A cloud hangover: is the party over for public cloud?

A cloud hangover: is the party over for public cloud?

“Once you move the data into the public cloud, it’s like checking into Hotel California.”

So said Hewlett Packard Enterprise (HPE) CEO Antonio Neri while addressing press and analysts at HPE Discover 2022 last week. The obvious implication being, you can check into the cloud, but you can never leave – well, not without an expensive price tag to pay beforehand.

The event in Frankfurt, Germany was notable for two things: a giant push on the vendor’s hybrid ‘cloud to edge’ platform HPE GreenLake, and HPE taking shots at the public cloud.

One exec described organizations as suffering from a collective ‘cloud hangover.’ So is the party really over for the public cloud?

HPE contends that, despite the hype, the public cloud alone can’t meet all of an organization’s needs. The company is positioning GreenLake as an alternative to the public cloud. It promises to bring the cloud to wherever your workloads run: at the edge, in a colocation, or in the data center. HPE argues that as more data gets created at the edge, organizations will need to bring the cloud to the data and the applications, not the other way around.

Exploding the public cloud myth

Matt Harris, HPE’s UK managing director, told ERP Today that organizations have, undeniably, built their digital transformations on the cloud over the past decade. However, there is now a market understanding that cloud needs to be an operating model, rather than a destination.

“With hyperscale multi-tenant cloud it is quite easy to put your data there, but quite difficult to take it back. It’s very expensive to do so. It’s that multi-tenant hyperscale lock-in that we’re experiencing.”

Tom Gilbert, head of cloud and middleware at Barclays, said the bank started moving towards a multicloud approach before the pandemic.

“Multicloud for us is about enabling meaningful public cloud migrations. [It’s about] re-architecting applications [to] get up the value chain in those environments to get the most out of them, while using our private cloud as an engine room for transformation and technology debt remediation at scale.”

Harris, meanwhile, is keen to burst the bubble of hype that may still surround the public cloud.

“For me, when I think about hyperscale cloud, where it really brings value and comes to life is when you’ve got very ‘peaky’ workloads, or it’s able to provide infinite scale,” he said. “But how many of your workloads need infinite scale and are very peaky in their usage? Has it a given cost benefit by putting them into a hyperscale? A lot of the time that’s not the case.”

Harris said organizations also often mistakenly believe that cloud is a ‘bounce around’ model, where they can move freely between AWS and Microsoft Azure to find the best prices, for example.

“You can’t do that – you’re not moving workloads around, you’re not moving data around. And the reality is, there’s very little stopping the major hyperscalers adding zeros to the bill for customers. Given costs are going up, energy prices are going up, we’re all going to have some difficult bills to pay.”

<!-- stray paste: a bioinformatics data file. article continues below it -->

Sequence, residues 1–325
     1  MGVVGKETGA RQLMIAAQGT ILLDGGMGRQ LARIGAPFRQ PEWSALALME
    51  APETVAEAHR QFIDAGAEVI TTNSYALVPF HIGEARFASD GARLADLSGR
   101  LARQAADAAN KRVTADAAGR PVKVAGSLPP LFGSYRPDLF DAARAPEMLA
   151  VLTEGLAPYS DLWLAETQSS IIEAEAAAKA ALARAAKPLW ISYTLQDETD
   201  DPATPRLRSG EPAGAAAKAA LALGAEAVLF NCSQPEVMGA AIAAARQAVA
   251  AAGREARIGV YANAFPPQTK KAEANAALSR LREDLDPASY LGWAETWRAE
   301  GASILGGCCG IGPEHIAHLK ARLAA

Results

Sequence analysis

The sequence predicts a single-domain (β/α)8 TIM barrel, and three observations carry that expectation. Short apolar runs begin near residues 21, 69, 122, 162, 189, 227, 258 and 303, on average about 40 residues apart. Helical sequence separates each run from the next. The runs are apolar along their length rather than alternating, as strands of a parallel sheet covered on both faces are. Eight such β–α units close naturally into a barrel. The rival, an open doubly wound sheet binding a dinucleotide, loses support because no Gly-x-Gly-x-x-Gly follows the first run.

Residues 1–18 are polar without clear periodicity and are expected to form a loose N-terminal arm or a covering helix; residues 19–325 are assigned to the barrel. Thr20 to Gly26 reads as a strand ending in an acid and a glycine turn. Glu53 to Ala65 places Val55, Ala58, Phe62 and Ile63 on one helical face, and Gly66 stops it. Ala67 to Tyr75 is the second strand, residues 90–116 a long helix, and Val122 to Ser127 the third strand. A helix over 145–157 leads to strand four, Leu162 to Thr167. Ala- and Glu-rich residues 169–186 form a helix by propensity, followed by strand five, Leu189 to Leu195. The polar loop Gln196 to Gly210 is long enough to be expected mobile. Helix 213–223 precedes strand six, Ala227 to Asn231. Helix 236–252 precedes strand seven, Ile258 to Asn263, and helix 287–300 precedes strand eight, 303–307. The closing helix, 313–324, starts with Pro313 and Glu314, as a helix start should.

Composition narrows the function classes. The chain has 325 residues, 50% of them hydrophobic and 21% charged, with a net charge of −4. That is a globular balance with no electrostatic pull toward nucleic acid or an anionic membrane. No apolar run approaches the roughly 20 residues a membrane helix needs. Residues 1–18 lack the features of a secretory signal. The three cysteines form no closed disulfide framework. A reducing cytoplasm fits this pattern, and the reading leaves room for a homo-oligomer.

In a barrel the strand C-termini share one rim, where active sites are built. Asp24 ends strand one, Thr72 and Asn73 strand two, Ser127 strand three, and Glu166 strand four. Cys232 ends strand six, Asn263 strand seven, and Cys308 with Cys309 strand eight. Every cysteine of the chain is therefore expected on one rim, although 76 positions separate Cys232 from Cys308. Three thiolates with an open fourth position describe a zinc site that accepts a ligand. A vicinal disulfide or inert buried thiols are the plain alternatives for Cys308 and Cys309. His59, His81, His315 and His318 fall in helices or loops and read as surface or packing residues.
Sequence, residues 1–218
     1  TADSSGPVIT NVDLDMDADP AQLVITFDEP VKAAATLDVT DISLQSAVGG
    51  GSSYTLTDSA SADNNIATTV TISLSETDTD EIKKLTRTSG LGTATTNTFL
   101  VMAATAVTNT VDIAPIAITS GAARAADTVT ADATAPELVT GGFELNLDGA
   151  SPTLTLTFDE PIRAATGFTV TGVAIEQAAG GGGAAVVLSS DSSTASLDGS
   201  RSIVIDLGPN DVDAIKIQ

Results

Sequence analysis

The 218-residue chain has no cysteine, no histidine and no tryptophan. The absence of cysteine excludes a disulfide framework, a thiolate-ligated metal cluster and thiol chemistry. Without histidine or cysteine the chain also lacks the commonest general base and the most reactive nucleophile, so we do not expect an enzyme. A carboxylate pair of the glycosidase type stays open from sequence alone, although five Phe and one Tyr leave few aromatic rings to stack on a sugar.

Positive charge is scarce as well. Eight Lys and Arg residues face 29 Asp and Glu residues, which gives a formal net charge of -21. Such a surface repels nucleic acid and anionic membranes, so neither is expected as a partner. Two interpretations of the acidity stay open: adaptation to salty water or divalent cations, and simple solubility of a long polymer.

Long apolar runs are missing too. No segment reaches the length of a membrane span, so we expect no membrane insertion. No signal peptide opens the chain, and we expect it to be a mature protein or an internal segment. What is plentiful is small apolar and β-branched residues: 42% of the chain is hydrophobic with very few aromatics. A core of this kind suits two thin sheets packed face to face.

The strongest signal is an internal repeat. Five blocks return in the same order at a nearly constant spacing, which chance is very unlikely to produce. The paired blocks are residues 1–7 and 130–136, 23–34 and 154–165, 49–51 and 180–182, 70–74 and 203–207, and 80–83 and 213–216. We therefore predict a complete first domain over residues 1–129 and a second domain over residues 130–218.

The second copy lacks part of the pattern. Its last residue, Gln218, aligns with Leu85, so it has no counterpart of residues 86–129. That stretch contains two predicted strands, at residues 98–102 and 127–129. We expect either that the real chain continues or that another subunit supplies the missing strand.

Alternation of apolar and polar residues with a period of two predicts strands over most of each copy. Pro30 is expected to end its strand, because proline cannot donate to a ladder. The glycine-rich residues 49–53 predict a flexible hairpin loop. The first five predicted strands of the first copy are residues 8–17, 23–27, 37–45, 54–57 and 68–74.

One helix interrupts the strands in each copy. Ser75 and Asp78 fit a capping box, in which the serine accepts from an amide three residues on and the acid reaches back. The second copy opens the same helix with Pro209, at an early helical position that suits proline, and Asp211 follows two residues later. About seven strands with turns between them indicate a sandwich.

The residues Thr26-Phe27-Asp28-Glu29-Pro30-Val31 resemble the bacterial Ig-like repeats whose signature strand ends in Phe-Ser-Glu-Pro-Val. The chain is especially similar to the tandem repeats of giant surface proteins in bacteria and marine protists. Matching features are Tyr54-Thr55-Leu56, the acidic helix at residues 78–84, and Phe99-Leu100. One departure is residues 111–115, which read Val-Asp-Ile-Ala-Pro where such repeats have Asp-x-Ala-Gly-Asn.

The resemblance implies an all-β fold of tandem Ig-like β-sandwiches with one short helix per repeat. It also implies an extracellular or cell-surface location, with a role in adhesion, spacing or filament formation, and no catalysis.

Rising costs of public cloud

Indeed, Penny Madsen, a senior research director for IDC specializing in providing insights into cloud adoption and investment, said that organizations of all sizes are reassessing their workload and cloud strategies.

Critically, she believes that despite a surge in organizations adopting cloud during the pandemic, current geopolitical and economic pressures signal a change on the horizon. Using the cloud hangover metaphor, more firms are sobering up as the cost of the cloud sets in.

“In terms of cloud we’ve started to see companies suffer from increased professional services costs, and increased software licensing fees as well. These were in line with contract renewal cycles, where companies were facing increases, largely due to skills costs. What we’re seeing now are those energy costs trickling down, we’re seeing rising public cloud infrastructure costs.”

And while cloud is still a third of IT budgets, said Madsen, those budgets are decreasing in line as a proportion of revenue, which is also being squeezed. So ultimately, companies are now trying to do more with a lot less. That means they’re going to be a lot more strategic about how they consume IT, and what they consume.

For now, public cloud adoption continues to grow. Worldwide spending on public cloud services is forecast to grow 20.7 percent to total $591.8bn in 2023, up from $490.3bn in 2022, according to Gartner. This is higher than the 18.8 percent growth forecast for 2022.

However, the analyst notes that, at the end of the day, organizations can only spend what they have. 

“Cloud spending could decrease if overall IT budgets shrink, given that cloud continues to be the largest chunk of IT spend and proportionate budget growth.”

After the exuberance of the initial rush to the public cloud, could organizations be reassessing their IT strategies in the cold light of day? Certainly, this appears to be the case for some firms. It will be interesting to see if public cloud maintains it popularity in 2023, or whether many more firms start to check out of the hotel.